In A Shared Economy, Who Will Own Cars? - Automobility
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In A Shared Economy, Who Will Own Cars?

Forbes Asia, January 21, 2018

by Russell Flannery

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Shared mobility can mean less traffic, cleaner air and better public transit

Cracks in the business model that has guided the auto industry in the past century are becoming more visible by the day.  Individuals in the future are less likely to buy and own their own cars; they are more likely to share and rent them. Vehicle occupants aren’t as likely in the coming years to be behind the wheel themselves, and, as a result, may be more indifferent to snazzy brands. The appeal of the shared model will get a big boost by the increasing ease of digital payments.  The “closed model” of an auto industry dominated by several giants is giving way to one in which Internet businesses will play a bigger role.

China businesses are ahead of the world in key segments of that evolving “shared industry landscape,” explains 30-year auto industry veteran Bill Russo, who today is the founder and CEO of Shanghai-based consultancy Automobility.  Among them, with its registered fleet of 20 million cars in China and over 300 million registered users, ride-hailing platform Didi Chuxing is far ahead of U.S. counterpart Uber; Mobike and Ofo, buttressed by deep-pocketed investors, are also ahead of anyone else in the shared bicycle business. China mobile payments and finance businesses, led by Tencent and Alibaba, also operate on a much bigger scale than overseas rivals. Even smaller Chinese search leader Baidu is among several international giants, including Nvidia, that are investing in the technology that will operate the cars of the future.

“The auto industry doesn’t want to call itself a transportation services industry,” said Russo in an interview in Shanghai this weekend. “They are being pulled in by the Internet industry’s close relationship with individual consumers in China,” which is home to the world’s largest auto market.  “Amazon and other Western Internet companies operate very different business models than the Chinese internet giants Alibaba and Tencent, and these are the companies that are investing in the future” of mobility and transport, he said.

One big unresolved question about the future, Russo said:   With consumers opting for transport as a service, who is actually going to own the industry “assets” – cars and the like — and maintain them?

One possibility could be today’s big auto dealers.  In a business that will increasingly be brokered by digital companies and in which individual car owners will be a smaller percentage of users, the auto dealers could be “an endangered species,” said Russo.  Another possible group of owners are the “mobility service providers” such as Didi. Didi has ties with millions of drivers, and could try to lease out vehicles, too.  It has already said it will invest in charging stations for electric vehicles.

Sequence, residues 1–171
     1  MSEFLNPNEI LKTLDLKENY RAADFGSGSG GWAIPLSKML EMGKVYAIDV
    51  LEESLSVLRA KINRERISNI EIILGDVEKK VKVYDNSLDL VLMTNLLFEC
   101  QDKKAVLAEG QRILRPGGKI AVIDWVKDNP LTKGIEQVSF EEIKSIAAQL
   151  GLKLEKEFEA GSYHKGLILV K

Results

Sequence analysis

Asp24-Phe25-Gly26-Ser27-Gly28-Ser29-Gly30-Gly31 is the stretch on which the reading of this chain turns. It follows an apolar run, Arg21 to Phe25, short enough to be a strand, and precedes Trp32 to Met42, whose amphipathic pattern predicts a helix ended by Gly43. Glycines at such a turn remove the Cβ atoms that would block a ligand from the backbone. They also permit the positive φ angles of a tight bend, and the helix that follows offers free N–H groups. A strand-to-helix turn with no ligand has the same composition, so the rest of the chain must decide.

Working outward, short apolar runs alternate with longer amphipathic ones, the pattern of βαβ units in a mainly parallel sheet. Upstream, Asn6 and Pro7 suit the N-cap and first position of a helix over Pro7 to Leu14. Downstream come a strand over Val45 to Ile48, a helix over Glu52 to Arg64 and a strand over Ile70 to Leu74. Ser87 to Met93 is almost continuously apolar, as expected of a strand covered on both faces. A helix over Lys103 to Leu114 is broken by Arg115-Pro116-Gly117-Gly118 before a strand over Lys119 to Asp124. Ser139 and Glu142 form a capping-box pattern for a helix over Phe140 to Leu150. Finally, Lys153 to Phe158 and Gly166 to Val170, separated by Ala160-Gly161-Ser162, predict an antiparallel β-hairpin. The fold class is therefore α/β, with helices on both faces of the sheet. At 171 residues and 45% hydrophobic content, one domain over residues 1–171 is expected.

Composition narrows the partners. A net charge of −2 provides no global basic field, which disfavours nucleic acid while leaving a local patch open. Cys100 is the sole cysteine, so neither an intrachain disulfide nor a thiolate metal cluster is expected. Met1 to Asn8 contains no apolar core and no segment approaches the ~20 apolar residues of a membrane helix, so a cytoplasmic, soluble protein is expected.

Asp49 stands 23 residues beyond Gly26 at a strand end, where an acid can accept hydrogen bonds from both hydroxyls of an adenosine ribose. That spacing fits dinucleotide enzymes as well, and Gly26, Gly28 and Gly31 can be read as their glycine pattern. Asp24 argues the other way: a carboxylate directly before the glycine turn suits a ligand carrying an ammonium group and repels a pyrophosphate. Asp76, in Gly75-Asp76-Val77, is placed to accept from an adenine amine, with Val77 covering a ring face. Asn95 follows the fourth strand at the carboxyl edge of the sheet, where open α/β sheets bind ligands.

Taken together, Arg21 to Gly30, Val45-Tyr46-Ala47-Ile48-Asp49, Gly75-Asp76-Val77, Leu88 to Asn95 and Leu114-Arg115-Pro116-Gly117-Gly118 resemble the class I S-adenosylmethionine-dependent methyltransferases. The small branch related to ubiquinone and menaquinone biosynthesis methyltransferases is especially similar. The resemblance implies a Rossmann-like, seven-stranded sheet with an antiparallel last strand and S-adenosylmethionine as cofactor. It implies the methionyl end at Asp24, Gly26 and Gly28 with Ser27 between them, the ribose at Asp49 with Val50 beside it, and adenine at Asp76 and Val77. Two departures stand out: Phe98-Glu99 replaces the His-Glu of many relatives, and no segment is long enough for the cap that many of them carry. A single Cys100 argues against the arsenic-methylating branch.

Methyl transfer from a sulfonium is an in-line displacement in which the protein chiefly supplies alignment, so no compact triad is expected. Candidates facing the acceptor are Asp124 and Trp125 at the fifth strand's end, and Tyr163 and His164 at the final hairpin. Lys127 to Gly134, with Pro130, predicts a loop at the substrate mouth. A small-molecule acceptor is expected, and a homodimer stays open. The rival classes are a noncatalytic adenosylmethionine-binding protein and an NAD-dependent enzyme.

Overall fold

Another possibility, however, is that automakers will move into owning and managing fleets of their own vehicles, which in turn would then deployed by mobility service providers.  An example of that happened last week: Geely Zhejiang, the China owner of Volvo and a domestic Geely brand, kicked off 2018 with word that it had raised 1 billion yuan, or $154 million, in financing for its electric vehicle ride-sharing platform, Cao Cao, giving the two-year-old business a valuation of more than 10 billion yuan.  Cao Cao currently has a network of 12,000 eco-friendly, Geely branded cars.

“I think it’s a really smart move,” says Russo. “It allows Geely to recast itself into service (company) and sell vehicles to its own branded mobility service platform.”   Geely, headquartered in the eastern Chinese city of Hangzhou and led by billionaire Li Shufu, is also likely to be gaining more financial payments savvy and firepower through its investment of $300 million to take control of Denmark’s Saxo Bank last year.

And yet another possibility when it comes to fleet ownership: None of the above. “There could be a new class of professionally managed fleet services company” that emerges in the space between the manufacturer and the mobility services provider, says Russo.  In any case, it looks to be wild ride ahead for the transportation industry, as well as its consumers and investors.

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